How did the UT obtain the estate of Drienerlo?

The country estate of Drienerlo, which spans two-thirds of the current campus with its 95 hectares, has been privately owned throughout the centuries. In the 1930s, the last owner, former alderman of Education Gerrit Albertus Lasonder, converted to National Socialism. Following the war, this became decisive for the fate of Drienerlo. How did this estate come into the hands of the Polytechnic University of Twente?

Beeldbank Universiteit Twente: Historisch Archief


On 4 and 5 May U-Today brings you a story about the history of the country estate of Drienerlo, which spans two-thirds of the current campus. Why? Because World War II was decisive for the fate of Drienerlo.

Tomorrow, an extensive profile of Gerrit Albertus Lasonder will follow, a former alderman of Education and Nazi sympathizer, who owned the country estate of Drienerlo before and during the Second World War.

Gerrit Lasonder died in 1944 of kidney disease. He was married to German Anne Christine Bauer, ten years his junior. She came from a family of ardent Hitler supporters. After Lasonder's death, she was the sole beneficiary of an estate worth some 2,300,000 guilders. As the Allies approached, however, the widow fled to Gildehaus, leaving the Drienerlo estate unattended.

Dutch National Socialist Movement, the NSB

One thing soon became apparent in the period following the war: as the property of a late NSB member, the estate was not going to be allowed to remain in the hands of Mrs Lasonder, who, to make matters worse, was of German descent in any case. In 1947 her entire estate was confiscated following a Tribunal order. Mrs Lasonder herself was never involved in this expropriation procedure. One of the considerations during the trial was that Lasonder himself deeply wronged the Dutch people with proven wartime actions Furthermore, the legal heiress no longer held Dutch nationality as every wartime marriage was declared null and void at that time. The Tribunal declared the whole of the fortune to be enemy assets. This meant the State could confiscate it.

In November of 1947, the municipality of Enschede acquired the estate for 183,690 guilders, a pittance. After its purchase, it became a recreational area. For years, part of it was used as a playing field, and the park-like landscape provided the people of Enschede with beautiful walking trails. However, that was not the purpose the municipality had in mind.

This is how the landscape looked from above before the THT arrived here (Historisch Archief)

Lobbying for the third polytechnic university

The intended purpose was to establish a training institute for the Foreign Service (the NOIB), but that soon proved fruitless. The NOIB was accommodated in Nijenrode Castle. At that time, an increasing number of voices called for a second polytechnic university (TH) in Enschede. However, the second TH went to Eindhoven (in 1957), and the educational plans had to be put on hold for the time being. However, when it became clear that there was room for a third polytechnic university, Enschede once again joined the ranks.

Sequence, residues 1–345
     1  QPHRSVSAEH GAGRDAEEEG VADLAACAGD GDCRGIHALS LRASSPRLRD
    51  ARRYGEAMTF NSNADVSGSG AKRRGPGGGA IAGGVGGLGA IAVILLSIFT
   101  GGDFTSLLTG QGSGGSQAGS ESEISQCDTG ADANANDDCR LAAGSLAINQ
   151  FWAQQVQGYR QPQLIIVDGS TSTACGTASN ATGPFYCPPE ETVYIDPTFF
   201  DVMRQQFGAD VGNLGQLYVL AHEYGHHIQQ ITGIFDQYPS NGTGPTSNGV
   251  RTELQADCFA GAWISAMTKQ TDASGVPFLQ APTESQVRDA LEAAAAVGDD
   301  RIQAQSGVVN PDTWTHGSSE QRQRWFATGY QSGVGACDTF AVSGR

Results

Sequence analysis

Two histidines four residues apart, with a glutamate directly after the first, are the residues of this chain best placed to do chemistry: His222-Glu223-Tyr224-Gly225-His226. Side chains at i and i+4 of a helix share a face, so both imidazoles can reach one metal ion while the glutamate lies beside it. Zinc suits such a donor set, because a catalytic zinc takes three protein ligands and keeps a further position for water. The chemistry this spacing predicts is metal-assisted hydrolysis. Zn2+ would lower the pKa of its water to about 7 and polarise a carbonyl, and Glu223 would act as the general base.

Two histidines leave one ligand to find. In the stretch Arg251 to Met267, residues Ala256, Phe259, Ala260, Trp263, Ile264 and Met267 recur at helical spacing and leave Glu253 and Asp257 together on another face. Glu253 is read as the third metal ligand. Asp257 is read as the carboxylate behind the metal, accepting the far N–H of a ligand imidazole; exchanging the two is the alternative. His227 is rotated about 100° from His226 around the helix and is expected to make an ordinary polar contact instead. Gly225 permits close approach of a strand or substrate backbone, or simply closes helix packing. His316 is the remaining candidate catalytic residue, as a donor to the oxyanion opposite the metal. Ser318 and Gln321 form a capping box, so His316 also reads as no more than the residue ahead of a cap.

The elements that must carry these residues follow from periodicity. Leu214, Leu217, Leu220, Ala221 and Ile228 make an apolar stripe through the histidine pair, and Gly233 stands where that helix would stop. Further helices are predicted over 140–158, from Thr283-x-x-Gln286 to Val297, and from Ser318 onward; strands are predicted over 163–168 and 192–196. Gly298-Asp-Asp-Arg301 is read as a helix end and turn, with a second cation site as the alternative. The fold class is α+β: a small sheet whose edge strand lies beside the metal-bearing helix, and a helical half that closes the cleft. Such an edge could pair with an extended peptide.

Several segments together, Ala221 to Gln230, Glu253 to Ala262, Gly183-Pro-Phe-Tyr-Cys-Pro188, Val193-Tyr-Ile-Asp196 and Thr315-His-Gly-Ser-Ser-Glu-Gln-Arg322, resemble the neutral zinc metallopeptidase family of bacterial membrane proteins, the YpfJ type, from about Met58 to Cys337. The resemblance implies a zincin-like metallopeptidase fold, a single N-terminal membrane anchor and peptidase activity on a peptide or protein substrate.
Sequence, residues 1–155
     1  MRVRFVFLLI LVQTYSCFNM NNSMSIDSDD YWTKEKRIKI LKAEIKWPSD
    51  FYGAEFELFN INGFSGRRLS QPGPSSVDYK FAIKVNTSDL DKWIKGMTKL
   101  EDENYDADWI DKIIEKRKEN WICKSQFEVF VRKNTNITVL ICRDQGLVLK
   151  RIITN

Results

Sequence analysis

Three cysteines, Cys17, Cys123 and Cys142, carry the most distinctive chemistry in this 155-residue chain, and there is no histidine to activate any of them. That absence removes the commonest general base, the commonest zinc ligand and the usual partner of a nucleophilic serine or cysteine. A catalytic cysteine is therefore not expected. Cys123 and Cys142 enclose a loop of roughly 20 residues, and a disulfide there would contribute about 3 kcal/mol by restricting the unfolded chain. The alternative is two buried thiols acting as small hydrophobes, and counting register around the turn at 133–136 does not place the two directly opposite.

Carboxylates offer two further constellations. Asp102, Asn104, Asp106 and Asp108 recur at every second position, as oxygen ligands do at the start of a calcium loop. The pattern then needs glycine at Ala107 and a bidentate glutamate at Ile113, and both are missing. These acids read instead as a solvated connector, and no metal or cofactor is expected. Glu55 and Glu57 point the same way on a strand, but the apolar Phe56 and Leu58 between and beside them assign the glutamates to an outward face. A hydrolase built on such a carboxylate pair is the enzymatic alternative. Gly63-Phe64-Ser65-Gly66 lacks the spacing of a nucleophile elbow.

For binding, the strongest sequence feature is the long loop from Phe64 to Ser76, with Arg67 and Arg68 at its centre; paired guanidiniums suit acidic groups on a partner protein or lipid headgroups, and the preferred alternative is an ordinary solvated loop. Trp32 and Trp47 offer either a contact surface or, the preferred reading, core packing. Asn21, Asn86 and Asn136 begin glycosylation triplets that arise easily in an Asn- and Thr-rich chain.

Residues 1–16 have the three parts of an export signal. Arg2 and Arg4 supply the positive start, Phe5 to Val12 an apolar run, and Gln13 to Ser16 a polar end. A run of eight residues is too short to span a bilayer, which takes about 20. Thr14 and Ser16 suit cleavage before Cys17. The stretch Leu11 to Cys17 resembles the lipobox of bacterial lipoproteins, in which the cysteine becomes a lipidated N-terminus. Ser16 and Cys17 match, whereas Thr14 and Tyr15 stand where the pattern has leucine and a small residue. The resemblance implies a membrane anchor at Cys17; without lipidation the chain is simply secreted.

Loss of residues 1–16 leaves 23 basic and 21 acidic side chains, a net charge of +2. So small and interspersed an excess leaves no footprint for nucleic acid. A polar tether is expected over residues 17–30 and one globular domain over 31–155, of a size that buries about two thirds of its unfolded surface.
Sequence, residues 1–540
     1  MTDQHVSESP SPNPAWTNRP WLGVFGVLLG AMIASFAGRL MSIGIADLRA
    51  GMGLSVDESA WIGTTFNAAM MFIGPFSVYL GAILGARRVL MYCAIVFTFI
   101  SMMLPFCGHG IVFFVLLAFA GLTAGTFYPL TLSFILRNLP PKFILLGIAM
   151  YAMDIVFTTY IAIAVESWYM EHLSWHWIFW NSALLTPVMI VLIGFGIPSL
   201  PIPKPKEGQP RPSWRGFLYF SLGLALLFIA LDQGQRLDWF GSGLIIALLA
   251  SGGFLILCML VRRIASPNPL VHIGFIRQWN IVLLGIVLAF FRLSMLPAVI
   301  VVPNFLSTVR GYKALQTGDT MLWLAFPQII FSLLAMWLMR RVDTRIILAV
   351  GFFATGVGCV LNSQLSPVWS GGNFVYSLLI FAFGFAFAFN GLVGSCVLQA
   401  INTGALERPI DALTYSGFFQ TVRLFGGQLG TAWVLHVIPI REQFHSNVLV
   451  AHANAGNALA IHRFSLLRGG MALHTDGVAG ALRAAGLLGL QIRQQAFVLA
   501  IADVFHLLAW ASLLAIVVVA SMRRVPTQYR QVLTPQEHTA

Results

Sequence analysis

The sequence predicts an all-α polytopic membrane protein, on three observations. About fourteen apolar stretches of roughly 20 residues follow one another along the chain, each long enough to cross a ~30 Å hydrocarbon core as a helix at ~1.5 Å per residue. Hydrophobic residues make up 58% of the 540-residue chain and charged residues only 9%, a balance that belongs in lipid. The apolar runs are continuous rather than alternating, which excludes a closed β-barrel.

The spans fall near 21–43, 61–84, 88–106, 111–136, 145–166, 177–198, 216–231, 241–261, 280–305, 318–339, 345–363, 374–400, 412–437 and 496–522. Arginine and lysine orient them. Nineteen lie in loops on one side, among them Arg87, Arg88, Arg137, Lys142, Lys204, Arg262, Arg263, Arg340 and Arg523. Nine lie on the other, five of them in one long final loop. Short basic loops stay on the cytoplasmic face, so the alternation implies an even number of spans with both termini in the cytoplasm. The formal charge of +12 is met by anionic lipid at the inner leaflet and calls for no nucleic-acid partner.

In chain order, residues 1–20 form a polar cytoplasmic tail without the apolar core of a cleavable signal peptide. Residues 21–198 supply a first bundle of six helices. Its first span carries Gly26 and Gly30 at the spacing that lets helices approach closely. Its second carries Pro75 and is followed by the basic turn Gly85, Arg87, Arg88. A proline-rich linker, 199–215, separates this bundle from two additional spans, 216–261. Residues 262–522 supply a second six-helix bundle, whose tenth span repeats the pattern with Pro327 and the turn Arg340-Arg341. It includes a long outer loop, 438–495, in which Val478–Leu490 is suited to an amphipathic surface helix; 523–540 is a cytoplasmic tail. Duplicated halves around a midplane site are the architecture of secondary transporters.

The Minister of Education at the time, Minister Cals, ignored the advice of the so-called distribution committee, which appointed Deventer. Cals chose Enschede, with the availability of a country estate as an overriding consideration. The Minister submitted a memorandum to the House of Representatives on 25 January 1961. At the end of that year, the House agreed to the amendment of legislation which officially added Enschede to the existing THs of Delft and Eindhoven. Meanwhile, the municipality had already decided to present Drienerlo 'as a gift' to the State. A Committee for the Preparation of the third polytechnic university was founded.

Farming families

Three farming families were not so happy with the arrival of the third TH. Their farms, including land earmarked for the development, fell under the confiscation of the entire estate and thus became the property of the Technische Hogeschool Twente, the THT. One farm had to be removed altogether to make way for the Mechanical Engineering building. Scholten's farm was retained; for many years it housed the Communication Department and it is currently home to the Faculty Club. Farmer Bosch was permitted to reside on the campus. When the principal occupants died, the UT took over its management. The staff association UT Kring has been based there since 1995.

With the realization of the THT and the accompanying campus, most of the estate vanished. Mrs Lasonder was rehabilitated in 1969 (see also Lasonder profile). She was ultimately satisfied with the transformation of the estate into a campus - the educational re-purposing of Drienerlo was wholly in the spirit of her late husband, the former alderman of Education.

This article was previously published in UT Nieuws Magazine May 2015 (you can also find an extensive citation overview here).

Stay tuned

Sign up for our weekly newsletter.